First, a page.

By Terry Currier
After the review I did of the EasyRecovery Professional by Ontrack I was really impressed. A great program that when you need it, it is well worth the money. The only problem with it was the cost at $499. Even though you know its needed the cost holds you back. Now Ontrack with its well deserved reputation for recovering data from failed hard drives can still help. EasyRecovery Lite will do the same great job of recovering deleted files as the Professional, but for $89.
Okay, obviously it is not going have all the capabilities as the Professional. What it does not have is Disk Diagnostics, or Email (Outlook) Repair. The other important limitation – it will only recover up to 25 files at a time. That really is not so bad, since you can just start it up again and recover more (assuming you have more.)
Each of the modules in EasyRecovery Lite do a read only first and then display what they found to the user. Nothing is done until you look and choose which you files want to recover. So there is no worry of further loss using it. Each module has automated wizards, which walks the user through the recovery. It will give you a rating for the chance of recovery. There are other ratings but these are the main ones: G means the file appears to be intact and in Good condition. D means the file appears to be Deleted and X the file appears to be cross-linked. Even if it states the condition is X you still have a chance of recovery. This is especially true if the file was a Word or text file. After the scan choose files you want recovered individually, or if you lost a entire folder just click to recover it and all the files within.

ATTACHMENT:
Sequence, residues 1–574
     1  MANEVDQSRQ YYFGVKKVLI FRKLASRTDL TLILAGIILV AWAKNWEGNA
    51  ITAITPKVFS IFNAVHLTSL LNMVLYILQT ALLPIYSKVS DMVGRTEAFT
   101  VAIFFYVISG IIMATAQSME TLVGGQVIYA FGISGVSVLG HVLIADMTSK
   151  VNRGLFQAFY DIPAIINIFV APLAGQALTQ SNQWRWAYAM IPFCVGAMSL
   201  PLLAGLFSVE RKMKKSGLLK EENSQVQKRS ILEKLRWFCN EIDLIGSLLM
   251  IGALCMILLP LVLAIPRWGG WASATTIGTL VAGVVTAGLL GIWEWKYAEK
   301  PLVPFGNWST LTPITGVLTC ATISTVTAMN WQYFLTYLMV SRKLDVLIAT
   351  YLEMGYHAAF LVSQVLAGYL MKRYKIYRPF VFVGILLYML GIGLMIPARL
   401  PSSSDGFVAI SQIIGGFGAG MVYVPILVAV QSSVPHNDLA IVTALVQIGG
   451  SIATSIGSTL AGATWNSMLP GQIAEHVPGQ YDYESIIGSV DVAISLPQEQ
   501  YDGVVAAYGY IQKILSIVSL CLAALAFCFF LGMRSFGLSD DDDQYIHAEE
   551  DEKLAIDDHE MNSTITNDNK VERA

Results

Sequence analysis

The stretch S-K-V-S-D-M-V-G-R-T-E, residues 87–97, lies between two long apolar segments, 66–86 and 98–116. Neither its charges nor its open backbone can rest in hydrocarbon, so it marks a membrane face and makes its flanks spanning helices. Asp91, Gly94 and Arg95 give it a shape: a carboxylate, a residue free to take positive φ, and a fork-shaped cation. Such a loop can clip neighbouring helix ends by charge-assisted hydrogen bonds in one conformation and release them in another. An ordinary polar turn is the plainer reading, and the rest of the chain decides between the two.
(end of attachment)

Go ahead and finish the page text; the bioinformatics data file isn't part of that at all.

In the Data Recovery section there are five modules
StandardRecovery helps you recover from partitions, virus attacks, and other major file system corruptions. Scans done through it are very complete going from block to block on the drive. It will take time. It took about 20 minutes to scan my old 40Gb drive, which does not have many files left on it and I have defragged it more than once. In fact after I recovered some of the files I defragged the drive again and still was able to get a lot of files back. By the way my main drive is partitioned with Windows XP NTFS format while the old drive is a Windows 98 FAT partition. I had no problems with either. I was even able to recover the MSDOS.SYS hidden system file from my old drive.